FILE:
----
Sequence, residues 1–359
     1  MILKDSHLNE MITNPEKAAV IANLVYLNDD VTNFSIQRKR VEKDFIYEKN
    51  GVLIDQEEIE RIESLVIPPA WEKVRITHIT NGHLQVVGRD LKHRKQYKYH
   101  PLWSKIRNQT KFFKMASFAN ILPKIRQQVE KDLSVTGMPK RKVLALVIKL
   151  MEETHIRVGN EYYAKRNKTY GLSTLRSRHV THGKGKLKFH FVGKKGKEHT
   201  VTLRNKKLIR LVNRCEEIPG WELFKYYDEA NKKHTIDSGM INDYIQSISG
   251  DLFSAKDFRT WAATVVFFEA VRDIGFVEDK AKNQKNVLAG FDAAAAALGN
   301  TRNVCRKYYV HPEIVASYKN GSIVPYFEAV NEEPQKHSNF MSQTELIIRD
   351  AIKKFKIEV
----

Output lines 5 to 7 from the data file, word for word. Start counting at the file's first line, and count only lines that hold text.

   151  MEETHIRVGN EYYAKRNKTY GLSTLRSRHV THGKGKLKFH FVGKKGKEHT
   201  VTLRNKKLIR LVNRCEEIPG WELFKYYDEA NKKHTIDSGM INDYIQSISG
   251  DLFSAKDFRT WAATVVFFEA VRDIGFVEDK AKNQKNVLAG FDAAAAALGN